All grade ARs with higher frequencies in the total BRUIN population of patients with hematologic malignancies (n=583) were decreased neutrophil count (41%), bruising (20%), diarrhea (20%).

Drug Interactions
Strong CYP3A Inhibitors: 
Concomitant use with Jaypirca increased pirtobrutinib systemic exposure, which may increase risk of Jaypirca adverse reactions. Avoid use of strong CYP3A inhibitors during Jaypirca treatment. If concomitant use is unavoidable, reduce Jaypirca dosage according to the approved labeling.

Strong or Moderate CYP3A Inducers: Concomitant use with Jaypirca decreased pirtobrutinib systemic exposure, which may reduce Jaypirca efficacy. Avoid concomitant use of Jaypirca with strong or moderate CYP3A inducers. If concomitant use with moderate CYP3A inducers is unavoidable, increase the Jaypirca dosage according to the approved labeling.

Sensitive CYP2C8, CYP2C19, CYP3A, P-gP, BCRP Substrates: Concomitant use with Jaypirca increased their plasma concentrations, which may increase risk of adverse reactions related to these substrates for drugs that are sensitive to minimal concentration changes. Follow recommendations for these sensitive substrates in their approved labeling.

Use in Special Populations 

Pregnancy and Lactation: Inform pregnant women of potential for Jaypirca to cause fetal harm. Verify pregnancy status in females of reproductive potential prior to starting Jaypirca and advise use of effective contraception during treatment and for one week after last dose. Presence of pirtobrutinib in human milk and effects on the breastfed child or on milk production is unknown. Advise women not to breastfeed while taking Jaypirca and for one week after last dose.

Geriatric Use: In the pooled safety population of patients with hematologic malignancies, 392 (67%) were ≥65 years of age. Patients aged ≥65 years experienced higher rates of Grade ≥3 ARs and serious ARs compared to patients <65 years of age.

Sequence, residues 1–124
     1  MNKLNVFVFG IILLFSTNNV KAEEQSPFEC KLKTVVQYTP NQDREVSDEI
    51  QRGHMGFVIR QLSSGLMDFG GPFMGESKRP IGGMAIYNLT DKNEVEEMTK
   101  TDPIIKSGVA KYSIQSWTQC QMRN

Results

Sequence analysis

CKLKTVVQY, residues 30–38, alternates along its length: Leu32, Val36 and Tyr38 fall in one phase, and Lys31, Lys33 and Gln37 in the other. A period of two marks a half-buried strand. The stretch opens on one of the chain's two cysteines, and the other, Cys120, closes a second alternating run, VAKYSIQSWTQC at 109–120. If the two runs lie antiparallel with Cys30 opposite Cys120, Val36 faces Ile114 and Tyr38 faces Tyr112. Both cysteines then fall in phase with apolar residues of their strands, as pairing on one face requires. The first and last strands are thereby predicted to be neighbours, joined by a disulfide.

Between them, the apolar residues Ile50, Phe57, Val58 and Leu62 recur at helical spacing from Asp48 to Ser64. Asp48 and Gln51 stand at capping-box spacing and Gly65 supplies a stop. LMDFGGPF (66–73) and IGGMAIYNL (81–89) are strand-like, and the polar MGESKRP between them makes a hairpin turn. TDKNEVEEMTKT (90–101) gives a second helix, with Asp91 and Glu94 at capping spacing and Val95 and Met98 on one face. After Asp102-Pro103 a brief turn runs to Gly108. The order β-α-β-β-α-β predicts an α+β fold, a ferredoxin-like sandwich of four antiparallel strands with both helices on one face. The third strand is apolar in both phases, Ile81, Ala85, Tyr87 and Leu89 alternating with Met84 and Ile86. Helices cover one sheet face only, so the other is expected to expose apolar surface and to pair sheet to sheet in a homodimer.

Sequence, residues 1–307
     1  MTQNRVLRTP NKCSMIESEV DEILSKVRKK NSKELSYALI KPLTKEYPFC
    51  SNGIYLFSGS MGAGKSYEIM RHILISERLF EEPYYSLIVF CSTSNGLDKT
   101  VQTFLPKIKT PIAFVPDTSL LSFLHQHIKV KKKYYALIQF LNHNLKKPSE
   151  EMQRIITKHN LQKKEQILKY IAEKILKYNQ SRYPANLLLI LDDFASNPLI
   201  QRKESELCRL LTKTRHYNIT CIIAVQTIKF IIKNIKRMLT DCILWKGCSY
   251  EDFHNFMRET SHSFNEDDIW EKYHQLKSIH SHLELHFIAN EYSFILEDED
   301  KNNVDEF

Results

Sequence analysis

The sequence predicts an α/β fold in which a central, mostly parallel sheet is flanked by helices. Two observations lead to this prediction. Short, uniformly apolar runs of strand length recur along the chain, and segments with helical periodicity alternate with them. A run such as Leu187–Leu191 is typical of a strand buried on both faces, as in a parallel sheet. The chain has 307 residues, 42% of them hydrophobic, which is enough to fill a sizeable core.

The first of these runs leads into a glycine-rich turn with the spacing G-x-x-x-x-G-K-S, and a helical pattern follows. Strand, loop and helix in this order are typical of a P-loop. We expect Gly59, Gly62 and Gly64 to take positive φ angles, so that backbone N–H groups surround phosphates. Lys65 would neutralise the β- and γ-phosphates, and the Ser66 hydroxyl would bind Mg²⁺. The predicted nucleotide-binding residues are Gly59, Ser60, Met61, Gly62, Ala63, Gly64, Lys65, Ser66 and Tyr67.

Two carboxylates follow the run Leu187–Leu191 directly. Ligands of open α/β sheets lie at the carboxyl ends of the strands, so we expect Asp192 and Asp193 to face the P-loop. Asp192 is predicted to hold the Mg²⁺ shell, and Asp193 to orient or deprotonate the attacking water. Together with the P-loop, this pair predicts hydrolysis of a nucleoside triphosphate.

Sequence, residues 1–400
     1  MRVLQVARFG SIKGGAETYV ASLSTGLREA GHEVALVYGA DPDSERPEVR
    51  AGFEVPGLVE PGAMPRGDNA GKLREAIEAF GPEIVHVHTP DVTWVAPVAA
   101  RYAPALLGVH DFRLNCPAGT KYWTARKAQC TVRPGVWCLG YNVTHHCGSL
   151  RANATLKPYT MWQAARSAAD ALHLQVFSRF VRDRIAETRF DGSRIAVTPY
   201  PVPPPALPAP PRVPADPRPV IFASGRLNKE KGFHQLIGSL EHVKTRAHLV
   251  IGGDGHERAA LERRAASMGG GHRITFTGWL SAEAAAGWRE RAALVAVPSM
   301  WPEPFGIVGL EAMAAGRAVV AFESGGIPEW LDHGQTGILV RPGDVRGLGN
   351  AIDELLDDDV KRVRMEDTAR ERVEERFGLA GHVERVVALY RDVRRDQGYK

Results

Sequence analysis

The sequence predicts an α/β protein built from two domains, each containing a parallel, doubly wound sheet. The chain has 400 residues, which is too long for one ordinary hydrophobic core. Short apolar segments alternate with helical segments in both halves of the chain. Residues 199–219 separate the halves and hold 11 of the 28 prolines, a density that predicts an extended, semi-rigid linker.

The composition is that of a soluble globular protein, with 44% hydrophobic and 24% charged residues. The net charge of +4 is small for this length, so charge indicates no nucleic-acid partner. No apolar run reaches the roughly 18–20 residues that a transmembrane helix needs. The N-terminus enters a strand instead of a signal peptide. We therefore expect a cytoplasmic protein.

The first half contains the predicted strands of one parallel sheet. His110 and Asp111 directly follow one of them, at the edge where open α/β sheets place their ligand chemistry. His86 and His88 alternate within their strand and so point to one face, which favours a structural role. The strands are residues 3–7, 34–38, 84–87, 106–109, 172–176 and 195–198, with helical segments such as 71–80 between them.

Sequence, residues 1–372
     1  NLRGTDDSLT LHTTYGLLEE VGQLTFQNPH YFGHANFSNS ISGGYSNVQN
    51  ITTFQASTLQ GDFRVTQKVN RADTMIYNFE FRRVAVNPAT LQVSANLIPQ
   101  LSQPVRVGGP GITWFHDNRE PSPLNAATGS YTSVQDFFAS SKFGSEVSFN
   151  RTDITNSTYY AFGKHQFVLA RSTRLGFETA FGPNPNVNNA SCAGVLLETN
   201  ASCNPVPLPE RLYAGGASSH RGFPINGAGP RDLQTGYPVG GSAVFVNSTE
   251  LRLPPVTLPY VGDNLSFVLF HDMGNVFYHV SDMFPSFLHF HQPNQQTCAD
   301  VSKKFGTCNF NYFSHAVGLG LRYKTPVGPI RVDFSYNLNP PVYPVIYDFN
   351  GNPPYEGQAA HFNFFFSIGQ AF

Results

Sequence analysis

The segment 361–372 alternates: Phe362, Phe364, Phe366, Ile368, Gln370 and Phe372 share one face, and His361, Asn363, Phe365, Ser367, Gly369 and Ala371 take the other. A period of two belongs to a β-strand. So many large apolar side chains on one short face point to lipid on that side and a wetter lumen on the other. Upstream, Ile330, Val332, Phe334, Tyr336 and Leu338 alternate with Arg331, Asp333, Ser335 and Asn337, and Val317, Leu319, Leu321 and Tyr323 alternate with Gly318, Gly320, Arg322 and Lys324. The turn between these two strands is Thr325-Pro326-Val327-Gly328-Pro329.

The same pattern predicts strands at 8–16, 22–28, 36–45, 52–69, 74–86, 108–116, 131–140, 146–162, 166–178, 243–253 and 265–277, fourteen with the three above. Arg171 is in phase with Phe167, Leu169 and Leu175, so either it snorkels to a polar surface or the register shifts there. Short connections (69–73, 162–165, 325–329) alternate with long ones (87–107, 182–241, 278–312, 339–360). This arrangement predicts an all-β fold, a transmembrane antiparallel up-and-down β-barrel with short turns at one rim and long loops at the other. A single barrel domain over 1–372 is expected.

Renal Impairment: Severe renal impairment (eGFR 15-29 mL/min) increases pirtobrutinib exposure. Reduce Jaypirca dosage in patients with severe renal impairment according to the approved labeling. No dosage adjustment is recommended in patients with mild or moderate renal impairment.


Please see Prescribing Information and Patient Information for Jaypirca.

About Lilly 

Lilly unites caring with discovery to create medicines that make life better for people around the world. We've been pioneering life-changing discoveries for nearly 150 years, and today our medicines help more than 51 million people across the globe. Harnessing the power of biotechnology, chemistry and genetic medicine, our scientists are urgently advancing new discoveries to solve some of the world's most significant health challenges, redefining diabetes care, treating obesity and curtailing its most devastating long-term effects, advancing the fight against Alzheimer's disease, providing solutions to some of the most debilitating immune system disorders, and transforming the most difficult-to-treat cancers into manageable diseases. With each step toward a healthier world, we're motivated by one thing: making life better for millions more people. That includes delivering innovative clinical trials that reflect the diversity of our world and working to ensure our medicines are accessible and affordable. To learn more, visit and or follow us on Facebook, Instagram, Twitter and LinkedIn. P-LLY